So we are all going to die
My friend IH hosted a lovely brunch yesterday morning that sprawled into lazy, all-afternoon affair that make me grateful to be a graduate student and not someone punching a nine-to-five. There was the suggestion that we might rally and get some grading done together, but I’ve yet to ever see that work out in practice. Instead we had a long discussion about childhood. Despite hailing from several different countries, it seems that that all of us clustered in the late-20-something age group were all at one point obsessed with dinosaurs and astronomy, whereas the generation directly below us was into Pokémon. I made some overblown argument that an interest in T-Rex and Pluto somehow made my generation cannier to science, but I now regret it. My interest in dinosaurs was probably the first time my desires for a compulsively well-ordered universe reared their ugly head. I kept my plastic dinosaur collection in margarine containers categorized by era (Triassic, Jurassic, Cretaceous, etc.) and hyperventilated at the thought of anachronistic play scenarios. I never became a paleontologist, nor could I even tell you anything insightful about dinosaurs now. I just found great comfort in schematizing their plastic world. I suppose this is the same type of comfort that the next generation found in their encounter with the world of Pokémon, so who am I to throw stones?
My crew and I went to see some pretty offensively bad video art last night at the Centre Pompidou. One of my New Year’s resolutions was to not be so damn critical of everything and everyone, so I guess in keeping with that I won’t detail everything that was wrong with this young woman’s oeuvre. My old therapist said that it is important to try and come up with one positive thing about a situation that is unpleasant overall. It took awhile for me to think of one for this experience, but here it is: this lady had a strong understanding of the literal. Suffice it to say that the audience dropped like flies. It takes a lot for me to leave a talk, concert, or screening early. Sadly, this is the second event that I’ve dragged my friends to in Paris that ended with stolen sideways glances and a quick shuffle to the exit. The first such flight was from a Williamsburg-based psyché-folk band that weaseled their way into a show at the Palais de Tokyo because the lead singer/gong clanger is Paul Laffoley’s assistant. I don’t even know how the Spanish video artist from last night got the Pompidou gig, but her work confirmed a sneaking suspicion I’ve held about video art for a long time, namely that it allows for any jackass with a camcorder to call themselves an artist. That’s ungenerous, I know, and there is a lot of video art that I genuinely respect and enjoy. But there is something terrifyingly democratic about the medium. Worst of all, she holds her MFA from my graduate school, making it an ugly day for institutional pride.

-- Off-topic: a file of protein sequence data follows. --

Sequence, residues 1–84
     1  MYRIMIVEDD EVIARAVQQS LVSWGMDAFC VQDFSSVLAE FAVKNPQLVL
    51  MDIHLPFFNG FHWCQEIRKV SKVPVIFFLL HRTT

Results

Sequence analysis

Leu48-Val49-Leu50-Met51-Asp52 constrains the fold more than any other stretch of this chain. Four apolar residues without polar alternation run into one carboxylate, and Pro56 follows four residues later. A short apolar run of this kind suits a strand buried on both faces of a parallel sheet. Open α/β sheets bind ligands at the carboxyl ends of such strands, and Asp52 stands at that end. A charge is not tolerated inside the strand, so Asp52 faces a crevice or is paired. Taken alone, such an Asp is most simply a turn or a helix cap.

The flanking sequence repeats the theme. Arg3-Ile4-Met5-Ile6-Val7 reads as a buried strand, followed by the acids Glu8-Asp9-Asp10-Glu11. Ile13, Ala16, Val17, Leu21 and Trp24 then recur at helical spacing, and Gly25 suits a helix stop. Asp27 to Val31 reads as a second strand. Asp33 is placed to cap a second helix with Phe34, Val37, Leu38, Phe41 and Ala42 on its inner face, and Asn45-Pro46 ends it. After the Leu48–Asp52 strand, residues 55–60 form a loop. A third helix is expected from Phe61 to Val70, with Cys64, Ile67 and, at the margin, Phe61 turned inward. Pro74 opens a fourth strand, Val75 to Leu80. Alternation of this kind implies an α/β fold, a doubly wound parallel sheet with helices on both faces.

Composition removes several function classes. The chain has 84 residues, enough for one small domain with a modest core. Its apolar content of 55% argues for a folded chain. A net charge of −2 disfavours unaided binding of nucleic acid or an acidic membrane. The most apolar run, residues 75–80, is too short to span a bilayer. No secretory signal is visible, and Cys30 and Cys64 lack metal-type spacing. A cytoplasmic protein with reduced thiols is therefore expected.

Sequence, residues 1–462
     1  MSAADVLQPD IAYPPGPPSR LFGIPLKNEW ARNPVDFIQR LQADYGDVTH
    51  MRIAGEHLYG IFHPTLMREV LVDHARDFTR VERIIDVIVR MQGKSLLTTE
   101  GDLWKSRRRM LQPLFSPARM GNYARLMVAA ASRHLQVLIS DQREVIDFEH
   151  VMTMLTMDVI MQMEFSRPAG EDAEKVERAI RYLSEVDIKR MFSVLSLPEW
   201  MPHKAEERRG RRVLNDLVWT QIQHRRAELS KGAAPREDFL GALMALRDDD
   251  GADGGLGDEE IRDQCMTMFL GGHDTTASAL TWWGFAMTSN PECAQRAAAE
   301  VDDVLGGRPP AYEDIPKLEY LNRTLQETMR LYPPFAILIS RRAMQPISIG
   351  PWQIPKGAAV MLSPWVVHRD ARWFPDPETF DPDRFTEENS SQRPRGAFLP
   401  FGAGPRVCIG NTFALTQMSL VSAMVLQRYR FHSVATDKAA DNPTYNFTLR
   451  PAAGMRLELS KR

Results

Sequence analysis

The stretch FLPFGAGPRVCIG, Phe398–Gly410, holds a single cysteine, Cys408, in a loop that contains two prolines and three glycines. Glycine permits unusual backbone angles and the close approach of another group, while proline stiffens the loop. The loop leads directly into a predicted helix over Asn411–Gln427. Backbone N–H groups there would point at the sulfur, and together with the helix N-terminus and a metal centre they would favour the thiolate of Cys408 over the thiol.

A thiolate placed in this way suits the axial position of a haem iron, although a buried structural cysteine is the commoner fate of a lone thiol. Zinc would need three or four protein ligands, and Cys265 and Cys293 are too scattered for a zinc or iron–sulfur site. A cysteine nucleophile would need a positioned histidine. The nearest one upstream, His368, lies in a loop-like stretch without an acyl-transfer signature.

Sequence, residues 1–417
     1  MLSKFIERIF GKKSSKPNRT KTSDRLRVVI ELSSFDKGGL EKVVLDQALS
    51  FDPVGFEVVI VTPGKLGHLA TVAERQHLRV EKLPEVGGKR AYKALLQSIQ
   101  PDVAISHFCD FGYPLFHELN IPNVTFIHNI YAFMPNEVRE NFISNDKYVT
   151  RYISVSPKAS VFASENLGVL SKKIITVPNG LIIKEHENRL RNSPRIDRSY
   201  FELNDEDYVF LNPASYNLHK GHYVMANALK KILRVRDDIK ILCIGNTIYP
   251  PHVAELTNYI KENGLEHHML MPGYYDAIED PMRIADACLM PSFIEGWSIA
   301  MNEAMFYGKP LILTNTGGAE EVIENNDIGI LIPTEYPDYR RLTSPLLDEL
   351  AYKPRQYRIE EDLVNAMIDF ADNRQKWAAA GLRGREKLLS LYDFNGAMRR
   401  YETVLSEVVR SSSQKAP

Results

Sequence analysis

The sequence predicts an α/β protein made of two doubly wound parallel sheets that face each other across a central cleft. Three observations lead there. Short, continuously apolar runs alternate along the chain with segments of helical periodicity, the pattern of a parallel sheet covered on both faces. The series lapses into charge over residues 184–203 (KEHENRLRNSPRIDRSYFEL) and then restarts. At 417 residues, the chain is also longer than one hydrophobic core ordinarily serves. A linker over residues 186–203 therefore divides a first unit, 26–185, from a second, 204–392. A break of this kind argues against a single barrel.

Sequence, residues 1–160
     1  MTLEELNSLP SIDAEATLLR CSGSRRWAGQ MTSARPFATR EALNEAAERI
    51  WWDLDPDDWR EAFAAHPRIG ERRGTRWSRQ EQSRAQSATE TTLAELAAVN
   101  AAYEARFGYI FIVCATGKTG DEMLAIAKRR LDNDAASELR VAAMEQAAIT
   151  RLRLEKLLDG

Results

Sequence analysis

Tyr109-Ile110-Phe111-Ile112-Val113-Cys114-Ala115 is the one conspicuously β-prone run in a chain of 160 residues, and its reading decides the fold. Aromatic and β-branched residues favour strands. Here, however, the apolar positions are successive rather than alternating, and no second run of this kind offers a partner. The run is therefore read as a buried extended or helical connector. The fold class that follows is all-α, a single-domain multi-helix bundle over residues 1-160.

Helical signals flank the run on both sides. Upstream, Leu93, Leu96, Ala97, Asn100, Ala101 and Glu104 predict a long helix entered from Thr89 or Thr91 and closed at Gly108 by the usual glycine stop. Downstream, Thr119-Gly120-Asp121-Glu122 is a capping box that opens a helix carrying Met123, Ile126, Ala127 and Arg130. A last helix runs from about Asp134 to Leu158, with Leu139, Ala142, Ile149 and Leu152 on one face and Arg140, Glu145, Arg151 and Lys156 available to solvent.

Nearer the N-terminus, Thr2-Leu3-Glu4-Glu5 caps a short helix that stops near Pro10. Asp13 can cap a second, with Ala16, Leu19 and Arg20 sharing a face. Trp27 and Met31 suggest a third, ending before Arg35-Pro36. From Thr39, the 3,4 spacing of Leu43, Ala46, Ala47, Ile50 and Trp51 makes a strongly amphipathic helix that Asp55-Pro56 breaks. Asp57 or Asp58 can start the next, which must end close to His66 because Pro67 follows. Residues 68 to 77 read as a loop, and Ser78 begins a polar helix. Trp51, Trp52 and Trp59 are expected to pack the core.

We saw an excellent screening of some of Paul Sharit’s films last Wednesday evening at the Pompidou. Especially rapturous was the silent Analytical Studies II: Unframed Lines of 1971-76, which uses the undulating projection line at the bottom of the screen to create some truly mesmerizing abstract imagery. Regrettably, the evening ended with Epileptic Seizure Comparison of 1976, in which footage of two epileptics undergoing induced seizures are interposed with colored panels that somehow mimic the brain waves of the patients. It’s loooong, and while conceptually interesting, it’s decidedly painful to actually watch. I mean, it’s basically watching someone have a seizure through a strobe light for a half-hour. However, having watched someone have a seizure through a strobe light for a half-hour becomes a useful litmus test for other experiences. Would you have rather watch a thirty-minute seizure or eat this casserole? Would you rather watch a thirty-minute seizure or listen to this Spanish video artist talk about Rousseau’s misogyny? Would you have rather watch a thirty-minute seizure or grade these 68 economics exams? It’s good to have a sense of precisely where you hit bottom and how close the experience you are currently undergoing is to the forehead-scrape.